With work deadlines, social events and life admin, our day-to-day time can quickly run short – and exercise is often the first sacrifice. However, ditching the workout today could have implications on our health tomorrow. Bupa health advisor THOMAS HOOD runs through four areas of concern and some exercise tips to target them.
#1 Improving Posture
If you spend hours at a desk and suffer from neck or back stiffness and pain, this may be due to poor posture and require paying more attention to core strength. Luckily, the beauty of core exercises is that they quite often require little to no equipment. You can do them in any spot with sufficient floor space.
Circuit training, Pilates and yoga all include core-strengthening routines. Check out classes available at your local gym for guidance in getting started. Once you’re confident, you can easily practice alone.
Working on your core can reduce lower back pain and stiffness and prevent more serious spinal-alignment issues. Good posture can also improve your digestion and breathing efficiency.
#2 Reducing Blood Pressure
Often symptom-less, high blood pressure is most commonly linked to unhealthy lifestyle choices; these include stress, alcohol, smoking and excessive salt or saturated fat. Aerobic exercises can help alleviate the pressure and improve vascular control with circulation.
Running, swimming or cardio classes are ideal. If time is a factor, even a 45-minute spin session or a 20-minute walk over your lunch break can help.
Studies have shown that reduction of just 10mm/hg pressure has been linked with 13 percent and 27 percent reductions in all-cause mortality and stroke risk, respectively. Aerobic exercise helps not only high blood pressure and weight loss, but is a great form of stress management too.
#3 Losing Excess Weight
As well as having multiple severe health implications, carrying excess weight can be a big knock to self-confidence. Here’s the good news; rather than traditional prolonged aerobic training, recent research has shown that shorter-duration, higher intensity exercise is just as effective to target weight loss. High-intensity interval training (HIIT) involves alternating short periods of near-maximal efforts – lasting between 30 seconds and three minutes – with lower-intensity training and recovery periods. Sessions typically last between 20 and 50 minutes.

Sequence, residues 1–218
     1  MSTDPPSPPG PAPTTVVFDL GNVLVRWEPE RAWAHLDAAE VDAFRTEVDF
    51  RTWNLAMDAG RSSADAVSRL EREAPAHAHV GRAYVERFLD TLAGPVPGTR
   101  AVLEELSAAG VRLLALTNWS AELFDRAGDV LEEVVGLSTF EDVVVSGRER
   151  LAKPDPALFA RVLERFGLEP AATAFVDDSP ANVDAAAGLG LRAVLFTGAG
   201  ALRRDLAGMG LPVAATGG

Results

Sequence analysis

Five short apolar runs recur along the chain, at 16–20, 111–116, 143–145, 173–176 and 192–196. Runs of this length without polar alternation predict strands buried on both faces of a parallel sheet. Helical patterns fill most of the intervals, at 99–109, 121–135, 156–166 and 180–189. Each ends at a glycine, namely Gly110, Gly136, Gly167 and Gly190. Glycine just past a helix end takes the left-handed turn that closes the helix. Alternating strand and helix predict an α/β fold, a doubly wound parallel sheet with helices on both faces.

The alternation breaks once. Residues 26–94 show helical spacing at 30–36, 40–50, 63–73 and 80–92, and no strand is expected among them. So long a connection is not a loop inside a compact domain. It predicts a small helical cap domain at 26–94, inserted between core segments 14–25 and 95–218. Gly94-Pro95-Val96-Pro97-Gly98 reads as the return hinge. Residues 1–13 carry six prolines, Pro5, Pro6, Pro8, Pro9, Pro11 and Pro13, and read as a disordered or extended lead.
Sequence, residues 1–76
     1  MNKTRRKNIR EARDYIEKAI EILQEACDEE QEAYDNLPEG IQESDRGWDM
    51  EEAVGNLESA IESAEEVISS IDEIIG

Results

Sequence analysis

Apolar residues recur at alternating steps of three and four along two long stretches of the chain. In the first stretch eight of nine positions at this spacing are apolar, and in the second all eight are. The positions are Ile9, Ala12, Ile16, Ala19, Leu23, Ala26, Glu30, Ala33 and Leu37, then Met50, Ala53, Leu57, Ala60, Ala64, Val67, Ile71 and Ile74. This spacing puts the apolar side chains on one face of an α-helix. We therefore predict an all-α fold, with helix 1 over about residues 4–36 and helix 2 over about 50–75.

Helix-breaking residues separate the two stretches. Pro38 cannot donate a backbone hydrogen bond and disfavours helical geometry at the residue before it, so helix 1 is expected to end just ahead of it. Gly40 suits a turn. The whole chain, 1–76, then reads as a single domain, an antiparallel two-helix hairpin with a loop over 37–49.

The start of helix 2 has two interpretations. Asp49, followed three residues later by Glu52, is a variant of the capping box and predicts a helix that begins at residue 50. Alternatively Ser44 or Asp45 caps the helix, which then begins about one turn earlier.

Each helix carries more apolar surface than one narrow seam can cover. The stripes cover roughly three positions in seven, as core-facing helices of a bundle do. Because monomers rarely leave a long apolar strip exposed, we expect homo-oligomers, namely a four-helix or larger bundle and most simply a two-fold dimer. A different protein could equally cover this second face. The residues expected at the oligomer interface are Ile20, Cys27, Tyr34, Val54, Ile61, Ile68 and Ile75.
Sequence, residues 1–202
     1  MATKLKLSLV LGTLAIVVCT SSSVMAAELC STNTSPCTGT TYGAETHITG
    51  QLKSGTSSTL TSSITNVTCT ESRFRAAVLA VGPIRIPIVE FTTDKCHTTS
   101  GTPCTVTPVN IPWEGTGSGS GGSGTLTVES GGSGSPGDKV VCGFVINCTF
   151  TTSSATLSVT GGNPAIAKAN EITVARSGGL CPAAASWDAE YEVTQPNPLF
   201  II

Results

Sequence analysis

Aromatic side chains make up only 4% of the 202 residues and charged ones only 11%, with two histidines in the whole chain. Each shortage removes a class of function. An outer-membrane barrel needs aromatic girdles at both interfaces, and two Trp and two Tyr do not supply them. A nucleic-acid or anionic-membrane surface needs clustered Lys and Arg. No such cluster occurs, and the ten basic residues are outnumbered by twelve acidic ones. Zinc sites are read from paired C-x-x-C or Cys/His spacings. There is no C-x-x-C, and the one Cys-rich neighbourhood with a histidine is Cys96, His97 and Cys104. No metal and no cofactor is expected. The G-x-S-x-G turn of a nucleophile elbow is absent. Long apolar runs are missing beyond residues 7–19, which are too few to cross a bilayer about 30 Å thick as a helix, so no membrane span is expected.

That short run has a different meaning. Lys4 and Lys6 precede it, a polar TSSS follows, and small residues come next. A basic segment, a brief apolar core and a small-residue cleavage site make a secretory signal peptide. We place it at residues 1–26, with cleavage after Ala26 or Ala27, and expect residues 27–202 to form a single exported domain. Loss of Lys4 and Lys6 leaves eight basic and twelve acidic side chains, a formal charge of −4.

Spinning, circuit training, boot camps and boxercise classes are all excellent HIIT workouts.
During high intensity sprints, the body mostly burns carbohydrates from muscle stores, but switches to fat-burning during the recovery phase and can continue to elevate metabolism even after the session is over.
#4 Building Muscle
From the age of 30 onwards, our bodies typically lose between three to five percent of our muscle mass each decade, making it increasingly difficult to shift body fat. So it’s important to factor in resistance training to build muscle and boost our self-image. During resistance workouts, small amounts of localised damage is inflicted on muscle tissue. The body repairs the muscle, contributing to a boost in size and strength over time. It’s important to monitor your protein levels and seek guidance to ensure you train effectively and avoid injury.
Classes like body pump, sculpt and circuit training are ideal. You can also request a personalised resistance plan from your trainer.
Matching resistance training with fat-loss exercises enables your body to maintain a healthy weight for the long term – eliminating the dreaded “yo-yo diet”. Increasing your resistance training can also minimise injury risk, boost self-esteem and make everyday tasks just that little bit easier to accomplish.
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This article first appeared in the Winter 2021 issue of Expat Living magazine. Subscribe now so you never miss an issue.